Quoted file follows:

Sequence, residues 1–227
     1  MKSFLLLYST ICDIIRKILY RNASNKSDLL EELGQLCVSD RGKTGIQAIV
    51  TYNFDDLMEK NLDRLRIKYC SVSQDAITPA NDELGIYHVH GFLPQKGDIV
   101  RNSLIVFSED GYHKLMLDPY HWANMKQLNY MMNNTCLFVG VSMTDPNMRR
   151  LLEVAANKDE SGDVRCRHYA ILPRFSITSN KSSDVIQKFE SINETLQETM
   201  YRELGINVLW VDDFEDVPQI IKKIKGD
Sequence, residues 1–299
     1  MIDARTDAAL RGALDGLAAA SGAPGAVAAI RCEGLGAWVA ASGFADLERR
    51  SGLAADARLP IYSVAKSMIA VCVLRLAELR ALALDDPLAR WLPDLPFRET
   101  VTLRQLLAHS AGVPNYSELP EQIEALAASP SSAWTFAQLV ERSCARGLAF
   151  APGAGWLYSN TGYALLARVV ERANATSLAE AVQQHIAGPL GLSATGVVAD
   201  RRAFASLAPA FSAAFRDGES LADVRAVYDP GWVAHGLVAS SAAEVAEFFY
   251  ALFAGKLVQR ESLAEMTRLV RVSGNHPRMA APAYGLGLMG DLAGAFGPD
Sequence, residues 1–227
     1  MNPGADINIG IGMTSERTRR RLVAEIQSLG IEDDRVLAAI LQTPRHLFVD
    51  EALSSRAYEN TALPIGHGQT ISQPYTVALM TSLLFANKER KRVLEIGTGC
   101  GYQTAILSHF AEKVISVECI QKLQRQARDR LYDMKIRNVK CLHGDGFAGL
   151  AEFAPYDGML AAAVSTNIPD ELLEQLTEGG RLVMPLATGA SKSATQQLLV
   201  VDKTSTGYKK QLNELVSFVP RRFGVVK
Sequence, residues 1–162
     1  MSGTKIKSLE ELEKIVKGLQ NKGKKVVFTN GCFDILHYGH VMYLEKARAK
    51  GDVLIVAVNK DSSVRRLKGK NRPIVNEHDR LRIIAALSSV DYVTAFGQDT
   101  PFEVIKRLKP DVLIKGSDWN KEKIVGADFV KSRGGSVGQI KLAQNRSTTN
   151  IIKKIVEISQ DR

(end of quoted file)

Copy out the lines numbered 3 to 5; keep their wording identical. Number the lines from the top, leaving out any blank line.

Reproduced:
    51  TYNFDDLMEK NLDRLRIKYC SVSQDAITPA NDELGIYHVH GFLPQKGDIV
   101  RNSLIVFSED GYHKLMLDPY HWANMKQLNY MMNNTCLFVG VSMTDPNMRR
   151  LLEVAANKDE SGDVRCRHYA ILPRFSITSN KSSDVIQKFE SINETLQETM